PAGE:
To the Editor:
Your article on Chicago’s small-schools initiative (“Chicago to ‘Start Over’ With 100 Small Schools,” July 14, 2004) provides objective reporting on Renaissance 2010, Mayor Richard M. Daley’s plan to close the city’s underperforming schools and replace them with 100 or more small schools, many of them to be run as charter schools or by private operators. But you fail to point out a major fallacy in the plan: the supposition that a school’s size, enrollment, and teachers are key variables in determining its students’ educational success.
Sadly, many of the schools that would be closed or reorganized under Mayor Daley’s plan are the same schools he “reorganized,” “reconstituted,” and “intervened” in seven to 10 years ago. At that time, teachers and some principals were made to reapply for their jobs or were fired outright. The district followed this purge by bringing outside experts to the schools to show those who had survived the errors of their ways. Among these experts were nationally known figures, including Northwestern University’s Fred Hess and the University of Illinois at Chicago’s Michael Klonsky and their variations on the “small-schools project"; the University of Chicago’s Tony Bryk and the Consortium on Chicago School Research; and DePaul University’s Barbara Sizemore and her “School Achievement Structure” program.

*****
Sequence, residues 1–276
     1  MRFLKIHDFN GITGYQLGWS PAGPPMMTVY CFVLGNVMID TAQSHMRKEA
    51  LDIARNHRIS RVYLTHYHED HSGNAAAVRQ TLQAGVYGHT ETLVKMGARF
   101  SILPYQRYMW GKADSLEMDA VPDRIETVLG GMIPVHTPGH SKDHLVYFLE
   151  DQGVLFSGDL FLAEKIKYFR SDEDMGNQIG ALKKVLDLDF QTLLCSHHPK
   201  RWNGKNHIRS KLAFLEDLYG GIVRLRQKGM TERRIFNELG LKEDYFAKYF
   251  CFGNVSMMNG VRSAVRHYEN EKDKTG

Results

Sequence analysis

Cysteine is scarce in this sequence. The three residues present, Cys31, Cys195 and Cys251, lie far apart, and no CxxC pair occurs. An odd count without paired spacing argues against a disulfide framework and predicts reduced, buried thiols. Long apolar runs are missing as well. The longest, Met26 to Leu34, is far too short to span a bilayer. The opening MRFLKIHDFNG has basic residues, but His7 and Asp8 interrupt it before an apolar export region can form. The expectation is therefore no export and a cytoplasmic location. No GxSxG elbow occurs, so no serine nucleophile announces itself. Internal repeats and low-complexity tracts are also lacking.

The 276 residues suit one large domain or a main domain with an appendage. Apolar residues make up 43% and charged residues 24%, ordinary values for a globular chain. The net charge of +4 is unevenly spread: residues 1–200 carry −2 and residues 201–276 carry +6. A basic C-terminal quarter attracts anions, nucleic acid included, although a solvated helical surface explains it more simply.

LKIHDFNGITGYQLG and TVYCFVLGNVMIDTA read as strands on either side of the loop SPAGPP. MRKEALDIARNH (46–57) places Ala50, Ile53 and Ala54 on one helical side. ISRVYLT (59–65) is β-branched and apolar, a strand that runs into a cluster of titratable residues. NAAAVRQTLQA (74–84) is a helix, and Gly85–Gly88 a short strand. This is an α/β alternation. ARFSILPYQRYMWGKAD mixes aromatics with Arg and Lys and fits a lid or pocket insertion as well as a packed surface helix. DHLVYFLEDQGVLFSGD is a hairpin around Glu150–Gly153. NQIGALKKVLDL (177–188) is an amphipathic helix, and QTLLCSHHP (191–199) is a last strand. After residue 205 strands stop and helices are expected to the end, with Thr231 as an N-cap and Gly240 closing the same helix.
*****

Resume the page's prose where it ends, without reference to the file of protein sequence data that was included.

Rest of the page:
Almost a decade—and tens of millions of dollars in consultant fees—later, the same schools remain the poorest performers in the Chicago school system, and most of the same consultants remain on the district’s payroll.